The Pseudonomicon, by Phil Hine
New Falcon Publications, 1561841951, 64 pp. (incl. bibliography), 1996, 2004
This slim tome offers a living example of an approach to Lovecraftian magick and working with and within the Cthulhu Mythos.
Though it has its basis in fiction, the Cthulhu Mythos remains appealing not despite unfilled gaps, but because of them, as Hine notes. There remains some sense of otherness, mystery and even danger to the Mythos which is alluring and indeed devilishly attractive to those put off by the softer side of worship and magick
A true chaote, Hine states that he “cannot really see the point of magical approach which does not, at some point, risk derangement” (pg 48). Invoking Cthulhu surely invites madness, and therein lies great power, a concept many shamans would be familiar with. Yet insanity remains the last taboo.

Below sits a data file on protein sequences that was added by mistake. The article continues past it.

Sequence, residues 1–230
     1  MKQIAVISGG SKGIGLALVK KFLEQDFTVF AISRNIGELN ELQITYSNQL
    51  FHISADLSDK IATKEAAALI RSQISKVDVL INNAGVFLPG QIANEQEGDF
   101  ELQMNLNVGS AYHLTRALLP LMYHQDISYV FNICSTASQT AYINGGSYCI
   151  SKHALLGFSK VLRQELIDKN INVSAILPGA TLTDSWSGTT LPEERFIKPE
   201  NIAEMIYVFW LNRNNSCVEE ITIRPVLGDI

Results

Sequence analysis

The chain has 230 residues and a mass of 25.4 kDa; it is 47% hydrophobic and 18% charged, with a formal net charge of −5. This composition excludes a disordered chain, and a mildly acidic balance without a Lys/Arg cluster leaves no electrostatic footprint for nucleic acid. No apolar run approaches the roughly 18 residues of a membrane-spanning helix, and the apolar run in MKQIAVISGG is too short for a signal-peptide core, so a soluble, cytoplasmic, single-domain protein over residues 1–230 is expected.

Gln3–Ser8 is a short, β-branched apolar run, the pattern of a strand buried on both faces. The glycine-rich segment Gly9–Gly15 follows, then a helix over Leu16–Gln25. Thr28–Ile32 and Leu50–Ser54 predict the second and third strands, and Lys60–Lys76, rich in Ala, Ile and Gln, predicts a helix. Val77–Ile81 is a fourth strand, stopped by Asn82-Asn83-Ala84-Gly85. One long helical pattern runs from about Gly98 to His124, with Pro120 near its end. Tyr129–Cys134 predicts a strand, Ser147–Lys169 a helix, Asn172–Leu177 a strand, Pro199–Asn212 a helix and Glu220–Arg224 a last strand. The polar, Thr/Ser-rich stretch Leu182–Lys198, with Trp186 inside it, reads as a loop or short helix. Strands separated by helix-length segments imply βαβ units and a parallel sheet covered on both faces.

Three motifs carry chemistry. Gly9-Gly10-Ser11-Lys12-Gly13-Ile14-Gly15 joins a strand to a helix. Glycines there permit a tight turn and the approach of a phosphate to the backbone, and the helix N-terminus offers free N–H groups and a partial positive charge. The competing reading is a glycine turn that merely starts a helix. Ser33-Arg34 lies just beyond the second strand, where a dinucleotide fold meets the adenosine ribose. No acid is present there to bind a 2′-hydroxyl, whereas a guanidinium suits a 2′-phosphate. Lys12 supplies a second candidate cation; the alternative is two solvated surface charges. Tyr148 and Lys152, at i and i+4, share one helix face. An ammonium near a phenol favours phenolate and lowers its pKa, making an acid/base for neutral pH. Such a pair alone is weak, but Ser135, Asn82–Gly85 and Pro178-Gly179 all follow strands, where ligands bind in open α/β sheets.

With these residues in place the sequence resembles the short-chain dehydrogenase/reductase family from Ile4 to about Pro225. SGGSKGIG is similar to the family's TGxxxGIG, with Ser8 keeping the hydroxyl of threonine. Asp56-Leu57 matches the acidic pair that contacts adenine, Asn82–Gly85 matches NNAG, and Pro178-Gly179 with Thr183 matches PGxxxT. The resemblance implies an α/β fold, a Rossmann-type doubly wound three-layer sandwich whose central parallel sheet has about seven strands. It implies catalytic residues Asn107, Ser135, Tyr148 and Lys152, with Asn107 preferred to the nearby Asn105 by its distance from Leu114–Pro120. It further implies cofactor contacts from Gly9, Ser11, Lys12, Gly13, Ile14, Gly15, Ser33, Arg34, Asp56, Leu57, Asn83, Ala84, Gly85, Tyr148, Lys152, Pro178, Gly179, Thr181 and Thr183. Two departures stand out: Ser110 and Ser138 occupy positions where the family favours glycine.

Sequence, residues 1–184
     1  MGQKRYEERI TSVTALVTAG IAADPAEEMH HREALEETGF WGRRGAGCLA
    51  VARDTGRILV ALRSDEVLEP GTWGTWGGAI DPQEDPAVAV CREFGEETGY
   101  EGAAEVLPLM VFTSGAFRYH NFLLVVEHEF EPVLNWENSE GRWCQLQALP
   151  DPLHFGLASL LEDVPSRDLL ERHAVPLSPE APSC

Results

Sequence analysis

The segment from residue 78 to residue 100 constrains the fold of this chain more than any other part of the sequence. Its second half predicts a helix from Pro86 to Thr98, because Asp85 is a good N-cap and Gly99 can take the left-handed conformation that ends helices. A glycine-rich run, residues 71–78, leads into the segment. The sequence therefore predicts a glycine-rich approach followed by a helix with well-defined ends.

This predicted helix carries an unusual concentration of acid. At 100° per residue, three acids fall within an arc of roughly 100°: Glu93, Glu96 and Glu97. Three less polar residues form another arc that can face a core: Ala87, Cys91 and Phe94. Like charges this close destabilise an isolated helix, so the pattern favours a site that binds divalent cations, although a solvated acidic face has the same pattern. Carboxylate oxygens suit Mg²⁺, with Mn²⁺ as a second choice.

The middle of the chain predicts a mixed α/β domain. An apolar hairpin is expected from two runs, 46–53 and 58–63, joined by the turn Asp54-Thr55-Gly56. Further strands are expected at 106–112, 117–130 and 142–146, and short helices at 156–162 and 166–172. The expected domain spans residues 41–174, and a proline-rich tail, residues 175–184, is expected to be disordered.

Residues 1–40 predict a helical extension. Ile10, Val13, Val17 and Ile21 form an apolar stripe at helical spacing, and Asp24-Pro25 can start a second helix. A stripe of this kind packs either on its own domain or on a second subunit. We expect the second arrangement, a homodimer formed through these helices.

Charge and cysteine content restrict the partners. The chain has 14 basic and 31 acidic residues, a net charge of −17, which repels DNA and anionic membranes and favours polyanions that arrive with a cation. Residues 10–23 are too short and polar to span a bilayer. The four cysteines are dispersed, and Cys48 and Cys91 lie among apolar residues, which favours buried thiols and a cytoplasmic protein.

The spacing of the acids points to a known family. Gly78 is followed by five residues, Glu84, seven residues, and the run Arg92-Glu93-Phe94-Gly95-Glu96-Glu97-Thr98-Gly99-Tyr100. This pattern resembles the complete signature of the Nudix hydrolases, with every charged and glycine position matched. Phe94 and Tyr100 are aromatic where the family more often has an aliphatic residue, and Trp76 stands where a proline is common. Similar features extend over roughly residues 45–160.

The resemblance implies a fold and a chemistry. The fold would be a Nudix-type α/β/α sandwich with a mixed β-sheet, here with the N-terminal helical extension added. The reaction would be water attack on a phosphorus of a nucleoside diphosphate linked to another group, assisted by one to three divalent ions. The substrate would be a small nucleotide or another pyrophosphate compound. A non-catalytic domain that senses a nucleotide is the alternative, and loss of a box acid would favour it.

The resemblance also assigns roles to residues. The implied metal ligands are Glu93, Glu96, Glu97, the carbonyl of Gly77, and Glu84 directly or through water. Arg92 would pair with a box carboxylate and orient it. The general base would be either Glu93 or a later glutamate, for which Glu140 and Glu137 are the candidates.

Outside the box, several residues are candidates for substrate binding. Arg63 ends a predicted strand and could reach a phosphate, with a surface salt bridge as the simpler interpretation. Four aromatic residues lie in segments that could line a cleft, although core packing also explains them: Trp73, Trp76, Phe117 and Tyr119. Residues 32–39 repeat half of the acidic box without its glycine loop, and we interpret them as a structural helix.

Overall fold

In discussing banishing, Hine points out that “the issue is not so much that Cthulhuoid entities cannot be banished, but whether the concept of banishing itself is useful when approaching the magical landscape that Lovecraft has bequeathed us.”1 His alternatives are certainly workable.
The text includes descriptions of the Gods, lightly referencing other texts, a rite for ego death by ghouls which is deliciously garish, and a Cthulhu path-working.
Further, it provides a great starting place for anyone interested in working with such entities; more than a few ideas could be gleaned from this short, but fascinating text. Cthulhu lives.Footnotes:
- p. 23 [↩]